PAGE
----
The interdisciplinary RELU Programme, funded between 2004 and 2011, had the aim of harnessing the sciences to help and promote sustainable rural development and advance understanding of the challenges caused by this change today and in the future. Research was undertaken to inform policy and practice with choices on how to manage the countryside and rural economies.
The findings of several RELU projects highlighted the need for more sustained and two-way communication with stakeholders about land management. The researchers have demonstrated that new ‘knowledge-bases’ can be established that combine local knowledge with external expertise.
The research has also identified a number of techniques that enable stakeholders, who may start with different views and levels of understanding, to redefine the issues collectively in a way that can help them find innovative solutions with multiple benefits.
Perhaps the best example of this work is the ESRC-funded RELU study, led by Laurie Smith from SOAS at the University of London, which developed the concept of a ‘catchment area partnership’ (CAP) and the then novel ‘catchment area delivery organisations’ (CADO) approach for the delivery of catchment management in England and Wales.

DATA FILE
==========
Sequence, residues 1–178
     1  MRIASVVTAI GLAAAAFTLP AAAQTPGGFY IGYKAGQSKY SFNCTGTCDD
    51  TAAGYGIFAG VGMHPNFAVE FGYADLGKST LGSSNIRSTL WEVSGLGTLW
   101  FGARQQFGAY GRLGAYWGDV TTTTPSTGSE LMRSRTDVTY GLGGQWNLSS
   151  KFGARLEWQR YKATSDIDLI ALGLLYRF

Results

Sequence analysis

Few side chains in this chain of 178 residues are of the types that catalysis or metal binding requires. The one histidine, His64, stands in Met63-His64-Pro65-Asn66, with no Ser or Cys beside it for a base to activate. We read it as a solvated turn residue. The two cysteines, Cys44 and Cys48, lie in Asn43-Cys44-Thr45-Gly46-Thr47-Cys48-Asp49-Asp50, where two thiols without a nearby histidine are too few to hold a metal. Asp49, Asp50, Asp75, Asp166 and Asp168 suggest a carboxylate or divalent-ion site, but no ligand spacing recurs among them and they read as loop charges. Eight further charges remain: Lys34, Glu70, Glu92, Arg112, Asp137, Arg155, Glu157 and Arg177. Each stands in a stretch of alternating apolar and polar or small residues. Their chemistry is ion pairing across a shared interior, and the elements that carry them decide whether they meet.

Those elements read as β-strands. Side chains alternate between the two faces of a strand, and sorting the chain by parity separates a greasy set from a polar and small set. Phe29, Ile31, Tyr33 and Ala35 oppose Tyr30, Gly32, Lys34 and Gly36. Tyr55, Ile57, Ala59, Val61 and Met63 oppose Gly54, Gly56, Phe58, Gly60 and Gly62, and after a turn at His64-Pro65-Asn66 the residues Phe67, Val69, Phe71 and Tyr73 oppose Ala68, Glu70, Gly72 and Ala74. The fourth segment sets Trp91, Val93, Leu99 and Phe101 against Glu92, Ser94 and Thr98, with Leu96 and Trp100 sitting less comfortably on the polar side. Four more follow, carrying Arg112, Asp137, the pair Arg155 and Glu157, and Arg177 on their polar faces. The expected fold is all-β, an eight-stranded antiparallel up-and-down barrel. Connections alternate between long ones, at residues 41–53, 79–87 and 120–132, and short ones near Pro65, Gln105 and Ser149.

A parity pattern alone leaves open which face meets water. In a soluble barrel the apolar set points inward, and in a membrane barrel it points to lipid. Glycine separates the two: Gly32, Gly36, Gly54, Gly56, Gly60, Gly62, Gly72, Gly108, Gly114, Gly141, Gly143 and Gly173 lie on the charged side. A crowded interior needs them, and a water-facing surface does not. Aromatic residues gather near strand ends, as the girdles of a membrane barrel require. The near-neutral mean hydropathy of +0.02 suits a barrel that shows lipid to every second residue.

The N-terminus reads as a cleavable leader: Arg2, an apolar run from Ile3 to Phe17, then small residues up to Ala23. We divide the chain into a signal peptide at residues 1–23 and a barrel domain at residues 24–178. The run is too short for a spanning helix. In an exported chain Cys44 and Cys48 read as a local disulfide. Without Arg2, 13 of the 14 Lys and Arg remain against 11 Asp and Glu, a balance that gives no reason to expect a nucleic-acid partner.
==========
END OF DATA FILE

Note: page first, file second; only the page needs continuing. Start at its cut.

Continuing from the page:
Piloted in the Tamar and Thurne catchments, the SOAS project established a clear catchment management ‘roadmap’ on how to: create a catchment partnership, integrate scientific investigation with policy; foster decision-making and implementation to resolve conflicts; and to share best practice.
Several of the other RELU projects that looked at catchment management also characterised a positive feedback loop in participatory catchment management planning whereby small initial changes initially yield a small benefit that, in turn, goes on to encourage far bigger changes later in the process. This feedback loop builds local capacity, levering in new resources, including fresh commitments of time, expertise and funding.